2. THE OESTROGEN PHASE (Days 6 to 14)
The Estrogen Phase begins about Day 6 and lasts until about Day 13 to 14 when ovulation occurs. It is more variable in length than the other phases. The following changes occur during the Estrogen Phase:
Anterior Pituitary Gland;
The anterior pituitary gland continues to increase its production and storage of LH and FSH. Small amounts of LH and FSH are released into the bloodstream.
Around Day 13 (just prior to ovulation), the high level of estrogen in the blood produced by the dominant ovarian follicle triggers a surge of stored LH (from the anterior pituitary gland) into the bloodstream.
By Day 5 to 7, one
ovarian follicle is developing more rapidly than the others. This is the dominant follicle which will go on to ovulation. The other follicles stop growing; most will shrink and disappear into the ovarian tissue. As the dominant follicle cell develops, it releases an increasing amount of estrogen. The dominant follicle breaks open and releases its ovum because of a surge of LH (from the anterior pituitary gland) into the bloodstream. This process is called ovulation. Ovulation occurs about 12 to 16 days BEFORE the beginning of the next menses. Even in shorter menstrual cycles, ovulation rarely occurs before Day 10 of the cycle; ovulation, which may result in pregnancy (“fertile” ovulation), rarely occurs before Day 12.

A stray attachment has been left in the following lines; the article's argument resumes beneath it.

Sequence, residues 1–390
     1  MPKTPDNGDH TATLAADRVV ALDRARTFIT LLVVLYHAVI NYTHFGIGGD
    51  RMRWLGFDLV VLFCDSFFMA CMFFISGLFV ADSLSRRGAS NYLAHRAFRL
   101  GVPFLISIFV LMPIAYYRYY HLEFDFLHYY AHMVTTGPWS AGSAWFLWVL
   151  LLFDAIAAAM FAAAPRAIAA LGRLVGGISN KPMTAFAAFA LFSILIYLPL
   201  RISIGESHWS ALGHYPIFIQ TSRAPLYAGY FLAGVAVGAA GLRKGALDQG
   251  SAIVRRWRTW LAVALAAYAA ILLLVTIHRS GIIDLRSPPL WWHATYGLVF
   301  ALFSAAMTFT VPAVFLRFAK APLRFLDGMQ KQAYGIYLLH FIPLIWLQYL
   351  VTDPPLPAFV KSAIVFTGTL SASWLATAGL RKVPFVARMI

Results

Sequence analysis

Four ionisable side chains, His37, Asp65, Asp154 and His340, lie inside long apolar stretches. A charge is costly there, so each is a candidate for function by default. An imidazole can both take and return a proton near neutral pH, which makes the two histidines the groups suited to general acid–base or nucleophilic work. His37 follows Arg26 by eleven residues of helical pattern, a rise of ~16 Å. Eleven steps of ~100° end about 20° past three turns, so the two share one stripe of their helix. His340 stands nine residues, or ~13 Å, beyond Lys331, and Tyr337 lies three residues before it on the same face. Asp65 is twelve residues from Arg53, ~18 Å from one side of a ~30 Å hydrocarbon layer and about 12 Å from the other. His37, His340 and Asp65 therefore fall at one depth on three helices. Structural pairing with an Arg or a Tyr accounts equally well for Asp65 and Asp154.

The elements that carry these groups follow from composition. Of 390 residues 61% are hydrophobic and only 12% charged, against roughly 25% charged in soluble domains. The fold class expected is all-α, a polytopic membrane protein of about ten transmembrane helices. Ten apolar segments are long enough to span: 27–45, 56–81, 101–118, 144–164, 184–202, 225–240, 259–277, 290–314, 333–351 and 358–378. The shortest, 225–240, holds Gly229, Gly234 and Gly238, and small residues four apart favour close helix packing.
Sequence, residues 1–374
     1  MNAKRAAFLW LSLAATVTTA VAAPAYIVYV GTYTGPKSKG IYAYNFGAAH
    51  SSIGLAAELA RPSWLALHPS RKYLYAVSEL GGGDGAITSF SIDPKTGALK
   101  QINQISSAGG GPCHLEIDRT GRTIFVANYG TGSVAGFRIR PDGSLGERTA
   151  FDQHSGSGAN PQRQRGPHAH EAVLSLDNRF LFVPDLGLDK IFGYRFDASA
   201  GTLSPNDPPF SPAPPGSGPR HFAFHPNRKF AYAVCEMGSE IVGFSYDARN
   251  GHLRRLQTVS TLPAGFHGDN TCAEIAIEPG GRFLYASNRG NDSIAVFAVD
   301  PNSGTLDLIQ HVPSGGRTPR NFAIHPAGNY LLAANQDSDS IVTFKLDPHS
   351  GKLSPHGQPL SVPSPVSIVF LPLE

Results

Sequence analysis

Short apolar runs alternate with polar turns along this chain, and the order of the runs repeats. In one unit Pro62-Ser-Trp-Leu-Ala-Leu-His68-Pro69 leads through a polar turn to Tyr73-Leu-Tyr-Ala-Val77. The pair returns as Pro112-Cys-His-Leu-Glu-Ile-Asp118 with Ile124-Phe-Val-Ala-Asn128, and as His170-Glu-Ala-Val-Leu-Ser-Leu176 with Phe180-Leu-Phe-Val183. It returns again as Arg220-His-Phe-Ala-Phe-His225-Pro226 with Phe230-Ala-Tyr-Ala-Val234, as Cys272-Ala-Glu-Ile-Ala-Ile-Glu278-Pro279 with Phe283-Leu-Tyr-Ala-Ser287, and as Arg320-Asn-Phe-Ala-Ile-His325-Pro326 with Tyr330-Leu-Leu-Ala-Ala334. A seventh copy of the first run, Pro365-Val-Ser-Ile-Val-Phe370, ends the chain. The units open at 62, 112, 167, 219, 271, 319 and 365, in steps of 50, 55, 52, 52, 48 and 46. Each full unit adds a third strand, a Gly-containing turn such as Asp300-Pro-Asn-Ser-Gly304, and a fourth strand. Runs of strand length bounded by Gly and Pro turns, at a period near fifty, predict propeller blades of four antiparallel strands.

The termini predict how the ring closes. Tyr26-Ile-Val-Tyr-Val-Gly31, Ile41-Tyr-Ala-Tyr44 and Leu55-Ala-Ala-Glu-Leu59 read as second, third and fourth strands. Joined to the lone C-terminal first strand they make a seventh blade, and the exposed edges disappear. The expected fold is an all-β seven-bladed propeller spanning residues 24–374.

The endometrium is built up under the influence of estrogen produced by the growing ovarian follicles. The endometrium develops glands, capillaries and general tissue swelling. With this increased blood supply, the endometrium is prepared for a possible implantation of a fertilized ovum.
The cervical canal is closed, except during the time of ovulation. It is then open to permit the
entrance of sperm. Initially in the Estrogen Phase, no mucus loss from the cervix is apparent. A sensation of dryness exists (although the interior of the vagina is always moist). As the blood levels of estrogen increase, the quantity of cervical mucus also steadily increases because glands in the cervical canal are stimulated by the estrogen. The maximum amount of mucus is produced about the time of ovulation. The mucus becomes clear, slippery and stretchy (like uncooked egg white) and can flow out of the vagina. This type of mucus nourishes the sperm and helps it to travel into the uterus.
Basal Body Temperature (BBT)